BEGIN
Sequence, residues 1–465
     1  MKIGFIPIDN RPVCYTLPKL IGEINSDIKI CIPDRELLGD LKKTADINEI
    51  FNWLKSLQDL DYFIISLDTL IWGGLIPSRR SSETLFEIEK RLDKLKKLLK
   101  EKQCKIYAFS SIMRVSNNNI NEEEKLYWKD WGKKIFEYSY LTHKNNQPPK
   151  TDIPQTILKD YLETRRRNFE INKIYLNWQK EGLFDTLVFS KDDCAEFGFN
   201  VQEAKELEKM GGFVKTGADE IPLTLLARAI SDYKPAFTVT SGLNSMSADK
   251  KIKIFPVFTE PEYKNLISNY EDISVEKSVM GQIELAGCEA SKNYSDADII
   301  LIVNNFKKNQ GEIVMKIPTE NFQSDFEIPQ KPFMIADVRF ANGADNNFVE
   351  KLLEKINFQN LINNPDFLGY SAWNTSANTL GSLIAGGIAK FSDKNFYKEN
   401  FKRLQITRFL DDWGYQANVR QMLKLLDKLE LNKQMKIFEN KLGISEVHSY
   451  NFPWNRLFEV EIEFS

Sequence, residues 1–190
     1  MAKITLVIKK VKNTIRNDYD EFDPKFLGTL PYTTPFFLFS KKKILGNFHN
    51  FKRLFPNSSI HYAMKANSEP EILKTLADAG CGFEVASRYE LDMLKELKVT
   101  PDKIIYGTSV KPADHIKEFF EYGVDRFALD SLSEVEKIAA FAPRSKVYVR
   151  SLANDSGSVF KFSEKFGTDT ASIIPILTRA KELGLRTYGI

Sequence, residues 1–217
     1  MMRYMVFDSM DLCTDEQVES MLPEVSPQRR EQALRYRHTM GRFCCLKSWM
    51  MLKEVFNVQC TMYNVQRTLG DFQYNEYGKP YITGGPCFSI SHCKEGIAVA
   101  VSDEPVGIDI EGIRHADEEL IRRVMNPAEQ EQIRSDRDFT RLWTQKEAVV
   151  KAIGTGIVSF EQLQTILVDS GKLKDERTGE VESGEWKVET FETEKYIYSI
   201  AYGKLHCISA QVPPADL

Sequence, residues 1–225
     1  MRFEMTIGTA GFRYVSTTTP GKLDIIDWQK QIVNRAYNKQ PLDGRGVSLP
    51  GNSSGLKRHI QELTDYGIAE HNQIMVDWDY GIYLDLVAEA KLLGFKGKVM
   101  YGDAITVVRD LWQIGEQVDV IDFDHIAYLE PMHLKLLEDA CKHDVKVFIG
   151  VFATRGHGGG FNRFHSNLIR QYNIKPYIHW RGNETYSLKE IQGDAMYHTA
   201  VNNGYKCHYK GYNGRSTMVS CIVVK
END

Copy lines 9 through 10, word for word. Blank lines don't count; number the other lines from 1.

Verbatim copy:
   351  KLLEKINFQN LINNPDFLGY SAWNTSANTL GSLIAGGIAK FSDKNFYKEN
   401  FKRLQITRFL DDWGYQANVR QMLKLLDKLE LNKQMKIFEN KLGISEVHSY